No doubt it’s worse now, and will only get worse as time continues. I can guarantee you that the children are being cheated of the education that might help them fix the sins we’ve committed against them financially. Adults get what they pay for: the kids don’t get a say in the matter, and I think their health care, social services and education should stay untouched, even if the voters have to tighten their belts and suffer a few indignities.

  6. The problem with the 1A/1B “solution” was that it made a temporary fix, which would, about five years from now, have started to strangle the schools again (that, or other services) because it would remove money from the General Fund, and any increase in income would have to first go to making sure there was a fixed ratio of money set aside for rainy days.

    All while there are mandatory minimums for ecucation (as a result of Prop. 98, which Arnie was all for). You can’t have money for schools without taxes, and you can’t get nre taxes when it takes 66 percent of the legislators/public to sign off on it. There are too many people who will say, “It doesn’t affect me”.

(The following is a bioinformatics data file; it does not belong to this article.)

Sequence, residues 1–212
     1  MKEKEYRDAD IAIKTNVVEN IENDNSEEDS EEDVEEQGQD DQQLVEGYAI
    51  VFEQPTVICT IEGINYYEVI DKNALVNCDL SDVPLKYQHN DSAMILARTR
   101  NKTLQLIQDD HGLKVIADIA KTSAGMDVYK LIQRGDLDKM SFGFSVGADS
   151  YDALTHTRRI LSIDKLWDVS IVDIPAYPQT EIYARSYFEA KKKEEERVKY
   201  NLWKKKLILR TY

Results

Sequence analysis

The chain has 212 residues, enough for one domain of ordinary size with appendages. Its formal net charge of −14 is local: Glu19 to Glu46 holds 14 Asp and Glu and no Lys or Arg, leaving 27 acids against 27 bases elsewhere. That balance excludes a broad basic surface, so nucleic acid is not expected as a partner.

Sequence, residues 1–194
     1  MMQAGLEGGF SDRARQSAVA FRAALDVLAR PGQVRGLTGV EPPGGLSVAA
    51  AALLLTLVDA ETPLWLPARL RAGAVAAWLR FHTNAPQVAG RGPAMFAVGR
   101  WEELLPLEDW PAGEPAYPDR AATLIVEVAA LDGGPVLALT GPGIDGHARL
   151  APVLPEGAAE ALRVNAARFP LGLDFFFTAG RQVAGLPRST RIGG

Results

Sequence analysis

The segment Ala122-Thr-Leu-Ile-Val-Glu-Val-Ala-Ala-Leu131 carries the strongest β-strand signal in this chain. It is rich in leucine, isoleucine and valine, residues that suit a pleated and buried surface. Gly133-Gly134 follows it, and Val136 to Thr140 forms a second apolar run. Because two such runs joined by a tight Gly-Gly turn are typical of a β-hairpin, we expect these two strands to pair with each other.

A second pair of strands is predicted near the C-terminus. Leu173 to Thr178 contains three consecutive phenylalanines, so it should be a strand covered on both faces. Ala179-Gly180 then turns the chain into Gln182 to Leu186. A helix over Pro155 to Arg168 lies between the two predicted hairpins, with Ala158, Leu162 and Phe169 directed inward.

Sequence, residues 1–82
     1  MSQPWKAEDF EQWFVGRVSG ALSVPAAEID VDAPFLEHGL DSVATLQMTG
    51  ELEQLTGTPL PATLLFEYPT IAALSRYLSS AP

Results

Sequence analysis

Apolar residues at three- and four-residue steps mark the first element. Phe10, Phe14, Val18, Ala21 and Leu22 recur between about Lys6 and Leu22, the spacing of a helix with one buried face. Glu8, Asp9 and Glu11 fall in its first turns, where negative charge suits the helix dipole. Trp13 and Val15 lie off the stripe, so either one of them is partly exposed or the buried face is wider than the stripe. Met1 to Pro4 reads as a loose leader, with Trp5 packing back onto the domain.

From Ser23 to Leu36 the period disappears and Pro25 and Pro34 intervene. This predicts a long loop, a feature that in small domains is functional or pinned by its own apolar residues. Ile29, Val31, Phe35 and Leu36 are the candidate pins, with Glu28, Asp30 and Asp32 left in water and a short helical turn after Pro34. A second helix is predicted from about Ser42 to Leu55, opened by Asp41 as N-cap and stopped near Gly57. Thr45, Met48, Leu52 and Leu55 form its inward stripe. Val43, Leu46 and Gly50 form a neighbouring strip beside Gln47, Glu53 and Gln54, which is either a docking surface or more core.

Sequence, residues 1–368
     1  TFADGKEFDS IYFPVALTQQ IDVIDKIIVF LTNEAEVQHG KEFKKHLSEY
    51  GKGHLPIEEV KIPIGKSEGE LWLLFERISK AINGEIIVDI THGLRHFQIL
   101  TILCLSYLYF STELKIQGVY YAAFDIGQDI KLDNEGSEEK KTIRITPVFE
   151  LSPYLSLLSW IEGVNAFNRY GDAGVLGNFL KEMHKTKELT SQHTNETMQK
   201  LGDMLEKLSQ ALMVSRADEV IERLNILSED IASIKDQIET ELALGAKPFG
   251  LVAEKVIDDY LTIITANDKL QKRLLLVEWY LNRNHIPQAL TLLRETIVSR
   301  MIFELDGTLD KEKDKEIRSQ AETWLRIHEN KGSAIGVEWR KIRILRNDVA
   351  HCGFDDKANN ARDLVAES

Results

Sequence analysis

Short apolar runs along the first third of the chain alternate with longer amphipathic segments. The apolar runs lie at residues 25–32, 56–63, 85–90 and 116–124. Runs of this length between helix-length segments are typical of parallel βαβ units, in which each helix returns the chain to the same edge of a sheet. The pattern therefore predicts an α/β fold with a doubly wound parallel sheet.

People who send their kids to privates schools can say, “I don’t see why I should have to pay for public schools,” etc.

    It’s not about tightening belts. It’s about losing our shirts.

  7. Hey Terry, I’ll send you one of my pay stubs. I saved them, being the pack rat I am.Granted , all the payroll deductions added up to 55%, but as I said, I still lived better back then than I do in this tropical depression called FLA. My wife worked checking groceries in the retail clerks union, and I was added on to her insurance, both dental and medical.
    Believe me,I’d rather pay 55% and get what I got than have things as they are now. back then, none of my union “brothers ” wanted to work overtime becaues of the hit you’d take between state and fed taxes.

  8. Erinyes: I believe you the total withholding was 55 percent. I’ll also bet you saw a fair bit returned. What you said, however, was, “My income tax was 55%.. Not only could that not be true (because even with the highest marginal rates ever at the federal level, your stated income would have been taxed at less than 55 percent. With the tax code for the years you specified, the highest marginal rates [which didn’t kick in until somewhere in the 250,000 range] were less than that).

    Contextually it also appeared to me you were sayig California was taking that much out of your pay.

  9. Let’s not forget the money extracted from the states by Bush to ameliorate his disastrous foreign policies, even before the fan was sullied.